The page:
We met Mari Evans in person during an African-American Education Infusion conference in Atlanta over 20 years ago but we knew of her work as a part of the Black Arts Movement from years before. The power and passion of Mari Evans' words are remarkable. They are words and images that need to be shared in print with children. Thank you Mari, for celebrating of the lives of Black children through your books, SINGING BLACK, DEAR CORINNE and I'M LATE. We are delighted to have you as a part of the Just Us Books family. Happy Birthday to you!
Monday, July 21, 2014
Saturday, July 12, 2014
Just Us Books honors the memory of Walter Dean Myers
If you would like to donate to either of the 2 charities supported by Walter Dean Myers you will need addresses + emails. Christopher Myers says: For the Children's Defense Fund https://secure.childrensdefense.org/site/Donation2?df_id=2221&2221.donation=form1" please use: Walter Dean Myers Donations. c/o Egmont USA, 443 Park Ave. South, New York, NY 10016.
If you would like to donate to Literacy for Incarcerated Youth http://www.nycharities.org/
donate/ c_donate.asp?CharityCode=2668 per Christopher Myers please use this email: walterdeanmyersdonations@gmail .com
Thursday, July 10, 2014
Tuesday, July 8, 2014
Saturday, July 5, 2014
MORE THAN AN OUTSTANDING WRITER
By Wade Hudson
I was stunned when I heard that Walter Dean Myers had made his transition. During the 25 plus years that my wife Cheryl and I have been involved in publishing, it seemed that Walter was always “there.”
We started Just Us Books, Inc. in 1988 to publish more books for children that focused on black experiences. Writers and artists such as Virginia Hamilton and Arnold Adoff, Eloise Greenfield, Patricia and Fred McKissack, Tom Feelings, George Ford, Leo and Diane Dillon, and of course Walter Dean Myers, had already blazed a trail as book creators that we would follow. We were novices, in a way, learning the business of publishing on the fly.
Cheryl and I were somewhat brash, bent on making a difference, determined to correct the injustices we saw in publishing. One would think that Myers and the other trailblazers who had been at the forefront of the struggle to change publishing to be more reflective of who we are as a nation, would have been taken aback by the two new kids on the block. But they were not. They embraced us and welcomed us. When Cheryl and I did a radio interview with Tom Feelings in 1990, Just Us Books had only published three titles. Tom was already an established artist, a celebrity really. But he treated us as equals, applauded our efforts and encouraged us on the airways. We received support and encouragement from the other trailblazers, too.
Tom is gone. Virginia Hamilton is gone. Leo Dillon and Fred McKissack are gone, too. And now we have lost Walter Dean Myers.
I will miss seeing Walter at Book Expo America, ALA, NCTE and the many other conferences where he often held court, sharing, urging, encouraging, directing, advocating…always trying to make things better. When Walter’s article, “Where Are the People of Color in Children’s Books?” appeared in the March 15, 2014 issue of the New York Times, many welcomed it as timely and much needed. But Walter had written an article that appeared in the New York Times in 1986, addressing the same concerns. He was always at the forefront, involved in many initiatives, some that he organized himself. He was determined to increase diversity in our body of literature for children. He also advocated for the inclusion of people of color in the offices of publishing houses.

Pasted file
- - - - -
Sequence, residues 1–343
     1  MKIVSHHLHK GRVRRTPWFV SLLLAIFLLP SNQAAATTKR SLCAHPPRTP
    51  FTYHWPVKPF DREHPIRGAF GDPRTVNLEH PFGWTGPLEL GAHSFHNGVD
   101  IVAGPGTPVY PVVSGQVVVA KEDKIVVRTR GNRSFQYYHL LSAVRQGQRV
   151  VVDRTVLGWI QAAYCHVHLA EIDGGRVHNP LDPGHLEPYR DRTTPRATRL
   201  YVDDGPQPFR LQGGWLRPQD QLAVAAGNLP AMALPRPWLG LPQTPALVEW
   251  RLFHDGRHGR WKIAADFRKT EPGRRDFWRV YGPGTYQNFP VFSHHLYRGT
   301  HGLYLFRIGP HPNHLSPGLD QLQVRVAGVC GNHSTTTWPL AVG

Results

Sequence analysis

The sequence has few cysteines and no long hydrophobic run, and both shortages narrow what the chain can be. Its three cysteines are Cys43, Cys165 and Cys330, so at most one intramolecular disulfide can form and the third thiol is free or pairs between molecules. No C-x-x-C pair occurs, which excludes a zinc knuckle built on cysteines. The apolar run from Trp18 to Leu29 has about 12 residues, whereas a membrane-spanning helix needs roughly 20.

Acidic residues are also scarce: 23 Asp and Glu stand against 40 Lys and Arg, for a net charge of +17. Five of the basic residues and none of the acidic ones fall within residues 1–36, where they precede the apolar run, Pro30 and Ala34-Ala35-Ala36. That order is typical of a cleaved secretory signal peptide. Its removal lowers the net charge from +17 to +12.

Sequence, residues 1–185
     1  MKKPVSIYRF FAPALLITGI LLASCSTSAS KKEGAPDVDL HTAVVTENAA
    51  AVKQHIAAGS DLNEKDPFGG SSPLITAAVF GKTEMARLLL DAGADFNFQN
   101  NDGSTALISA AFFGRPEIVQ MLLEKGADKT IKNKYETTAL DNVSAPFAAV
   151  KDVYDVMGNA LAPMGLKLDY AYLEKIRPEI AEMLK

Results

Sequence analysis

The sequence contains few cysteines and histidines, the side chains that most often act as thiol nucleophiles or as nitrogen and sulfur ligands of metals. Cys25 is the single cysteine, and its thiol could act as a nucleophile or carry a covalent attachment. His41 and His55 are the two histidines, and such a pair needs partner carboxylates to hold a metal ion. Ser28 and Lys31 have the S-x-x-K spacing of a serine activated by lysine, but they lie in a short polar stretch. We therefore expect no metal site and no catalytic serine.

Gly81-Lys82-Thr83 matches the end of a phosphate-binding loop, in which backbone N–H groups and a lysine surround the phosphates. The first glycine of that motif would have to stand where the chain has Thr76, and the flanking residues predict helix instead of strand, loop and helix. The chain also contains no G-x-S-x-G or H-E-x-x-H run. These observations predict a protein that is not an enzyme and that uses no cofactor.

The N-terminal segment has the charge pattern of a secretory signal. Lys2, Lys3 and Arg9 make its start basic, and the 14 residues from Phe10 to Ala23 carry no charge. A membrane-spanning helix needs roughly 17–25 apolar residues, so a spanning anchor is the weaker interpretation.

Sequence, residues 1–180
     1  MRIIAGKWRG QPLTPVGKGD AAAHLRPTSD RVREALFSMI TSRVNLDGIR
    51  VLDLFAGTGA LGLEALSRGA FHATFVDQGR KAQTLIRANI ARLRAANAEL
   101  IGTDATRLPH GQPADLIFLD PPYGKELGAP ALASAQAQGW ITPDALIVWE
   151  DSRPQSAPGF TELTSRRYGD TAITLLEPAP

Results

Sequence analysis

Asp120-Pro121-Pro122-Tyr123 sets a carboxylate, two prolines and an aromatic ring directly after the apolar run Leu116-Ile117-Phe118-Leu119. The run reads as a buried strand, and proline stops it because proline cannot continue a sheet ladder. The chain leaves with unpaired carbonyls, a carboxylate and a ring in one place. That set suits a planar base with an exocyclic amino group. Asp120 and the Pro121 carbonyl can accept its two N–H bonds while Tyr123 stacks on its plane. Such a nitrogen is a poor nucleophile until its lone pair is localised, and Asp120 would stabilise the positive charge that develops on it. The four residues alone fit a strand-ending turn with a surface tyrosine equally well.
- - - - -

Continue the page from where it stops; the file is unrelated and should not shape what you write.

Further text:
In 1991, Walter, Cheryl and I worked together as jurors for a scholarship competition organized to identify talented writers and artists of color and introduce them to the publishing community. The fellowship competition was a part of Multi-colored Mirror: Cultural Substance in Literature for Children and Young Adults, a conference sponsored by the Cooperative Children’s Book Center (CCBC) at the University of Wisconsin in Madison. Walter also supported literacy programs offered by the Children’s Defense Fund, sometimes donating his own money. I watched as he connected effortlessly with the young people who attended the summer sessions there. Whenever a speaking engagement was set up for him, Walter made sure that juvenile detention centers, prisons and other programs for youth were included.
“I know what falling off the cliff means,” he once said. “I know from being considered a very bright kid to being considered like a moron and dropping out of school.”
Yes, Walter Dean Myers was a prolific, multi award-winning writer. As stated on his web site he “touched so many with his eloquent and unflinching portrayal of young African-American lives.” Walter visualized a better world. In the tradition of Frederick Douglass, he used words to encourage, empower, challenge, advocate and agitate for the change that would bring that world about. In that regard, for me, at least, he was a freedom fighter, too.
Read more: http://www.nydailynews.com/entertainment/music-arts/walter-dean-myers-children-author-dead-76-article-1.1852688#ixzz36bjlJhjZ
Sharing our stories had real meaning. Here, Walter, Cheryl and I are at a 1992 book signing held at a Toys R Us store in Manhattan, NY.